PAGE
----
Robert Greenberg, center, and the Alexander String Quartet — from left, Zakarias Grafilo, Frederick Lifsitz, David Samuel and Sandy Wilson — appear in San Francisco Performances virtual Beethoven Festival. (Courtesy San Francisco Performances)

Robert Greenberg, center, and the Alexander String Quartet — from left, Zakarias Grafilo, Frederick Lifsitz, David Samuel and Sandy Wilson — appear in San Francisco Performances virtual Beethoven Festival. (Courtesy San Francisco Performances)

SF Performances brings Beethoven’s 250th fest online

Music-lecture marathon features Alexander String Quartet, Robert Greenberg

For music lovers, one of the regrettable casualties of the COVID-19 pandemic was the Beethoven Year. Many planned celebrations marking the composer’s 250th birthday went by the wayside – which makes San Francisco Performances’ upcoming virtual festival especially welcome.

The “Beethoven All-Day Marathon” features the Alexander String Quartet in performances of three of the composer’s great chamber works. Originally scheduled for in-person concerts, the series is scheduled to stream in three episodes this month.

San Francisco Performances’ resident music historian Robert Greenberg launches the festival on Dec. 17 with a deep-dive talk exploring Beethoven’s genius. The Alexander Quartet’s performances, recorded on Dec. 12 in Herbst Theatre, begin streaming on Dec. 24 with Beethoven’s “Duet in C Major” for Violin and Viola, and the Op. 95 Quartetto in F minor, “Serioso.” The final episode becomes available on Dec. 31, featuring the composer’s monumental Quartet in C-sharp minor, Op. 131.

All three episodes will be available for streaming into the new year, so audiences can watch them separately, or binge-watch all three in one sitting.

Greenberg, a composer and music scholar who has been SF Performances’ resident lecturer since 1993, calls Beethoven “an extraordinary humanist genius, one whose work went so far beyond the envelope that he’s basically a genre unto himself.”

In a recent phone call, he said that the composer’s late-life works are stunning evidence of his musical brilliance and enduring humanity.

“By the time Beethoven gets to the end of his life, he spent the last 2-1/2 years writing his final six string quartets,” Greenberg noted. “He’s been clinically deaf for seven years, but he started losing his hearing as early as 1796. He’s in a whole different place — an entirely new place, hearing music the likes of which no one has conceived of before.

“Op. 131 is so different, so revolutionary, so radical, that it fits into no pre-existing rubric. It’s seven nonstop movements, at a time when string quartets had to be four movements. It plumbs this extraordinary range of expression and mood, and does so in a revolutionary way in terms of his musical materials, with the kind of organizing principle that was beyond what his audience could expect to understand – as beyond as expecting his audience to be able to operate my computer.”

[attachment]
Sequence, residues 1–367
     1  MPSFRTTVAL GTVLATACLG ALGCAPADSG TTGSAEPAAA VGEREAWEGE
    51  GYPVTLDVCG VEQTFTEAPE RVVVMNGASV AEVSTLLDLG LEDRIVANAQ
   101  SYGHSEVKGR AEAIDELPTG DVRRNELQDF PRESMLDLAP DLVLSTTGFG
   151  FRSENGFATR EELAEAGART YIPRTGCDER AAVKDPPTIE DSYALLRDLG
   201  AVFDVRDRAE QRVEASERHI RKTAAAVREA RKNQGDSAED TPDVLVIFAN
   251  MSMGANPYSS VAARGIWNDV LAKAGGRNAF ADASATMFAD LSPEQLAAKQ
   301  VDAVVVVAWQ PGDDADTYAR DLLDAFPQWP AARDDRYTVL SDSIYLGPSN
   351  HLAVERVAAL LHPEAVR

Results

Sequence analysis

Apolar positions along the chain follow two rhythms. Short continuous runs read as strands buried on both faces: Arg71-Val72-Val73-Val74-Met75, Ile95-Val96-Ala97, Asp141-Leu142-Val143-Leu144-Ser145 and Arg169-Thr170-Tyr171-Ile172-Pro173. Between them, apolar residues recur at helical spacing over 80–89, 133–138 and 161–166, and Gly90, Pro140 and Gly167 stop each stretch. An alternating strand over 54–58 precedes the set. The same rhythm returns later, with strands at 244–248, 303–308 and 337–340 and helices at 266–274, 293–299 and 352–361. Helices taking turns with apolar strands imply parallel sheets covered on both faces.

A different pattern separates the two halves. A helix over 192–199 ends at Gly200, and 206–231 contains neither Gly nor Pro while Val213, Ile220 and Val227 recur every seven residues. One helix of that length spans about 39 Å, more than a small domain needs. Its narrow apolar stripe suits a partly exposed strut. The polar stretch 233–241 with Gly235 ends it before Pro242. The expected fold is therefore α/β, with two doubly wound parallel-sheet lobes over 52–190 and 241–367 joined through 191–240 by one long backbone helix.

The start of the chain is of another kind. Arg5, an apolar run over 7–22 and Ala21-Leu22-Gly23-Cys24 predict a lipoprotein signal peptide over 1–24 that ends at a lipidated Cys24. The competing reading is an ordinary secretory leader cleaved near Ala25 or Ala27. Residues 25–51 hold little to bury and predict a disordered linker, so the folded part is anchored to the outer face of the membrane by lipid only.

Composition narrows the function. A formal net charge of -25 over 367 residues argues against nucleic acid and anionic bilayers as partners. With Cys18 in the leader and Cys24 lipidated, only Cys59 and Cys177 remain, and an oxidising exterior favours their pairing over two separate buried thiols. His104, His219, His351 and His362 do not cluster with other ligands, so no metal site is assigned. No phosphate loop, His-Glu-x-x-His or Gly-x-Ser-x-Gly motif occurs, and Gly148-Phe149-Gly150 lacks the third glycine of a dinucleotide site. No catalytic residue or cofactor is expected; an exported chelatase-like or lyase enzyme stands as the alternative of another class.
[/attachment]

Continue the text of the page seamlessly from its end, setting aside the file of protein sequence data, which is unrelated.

Greenberg’s Dec. 17 talk will give an overview of Beethoven’s life and work – “always with the attempt to humanize him, by rendering him a flawed human being.

“Everything I do is meant to remove the sense of idolatry with which we’ve elevated these primarily dead hero men – and to strip away the years: because, frankly, in terms of human history, Beethoven’s death, which was not quite 200 years ago, was yesterday. He believed and felt pretty much the same things we’ve believed and felt, only he didn’t have iPhones or antibiotics.”

The “Beethoven All-Day Marathon” performances by the Alexander Quartet feature Zakarias Grafilo and Frederick Lifsitz (violins), David Samuel (viola), and Sandy Wilson (cello), with special guests Yuri Cho (violin) and the quartet’s founding member, Paul Yarbrough (viola.)

San Francisco Performances’ Ensemble in Residence since 1989, the Alexander Quartet was formed in New York City in 1981. The foursome recorded the complete Beethoven string quartets in 2009, and Greenberg, who has worked with the group for more than three decades, says their depth of understanding in Beethoven’s music is extraordinary.

“I first met them in 1986,” he said. “We’ve traveled Europe and the U.S. together. It’s the single closest relationship I’ve had with any other performers.

“They’re superb. They’ve recorded all the Beethoven twice, and performed it everywhere. You know, there’s some music that kids just shouldn’t play – Mahler symphonies, and Beethoven late quartets. You haven’t lived enough life to get it. Well, they’ve lived enough life, musically and humanly. I think that’s so important. They’re not just playing the notes at this point. They’ve played this music so much, they’ve all had their own life experiences. They get it.”

Ticketholders for the originally scheduled in-person marathon can apply the ticket value to subscriptions or gift certificates, donate to San Francisco Performances, or request a refund. Email or phone (415) 677-0325 during business hours.


Beethoven All-Day Marathon

Presented by San Francisco Performances


When: Streaming starting Dec. 17

Classical Music

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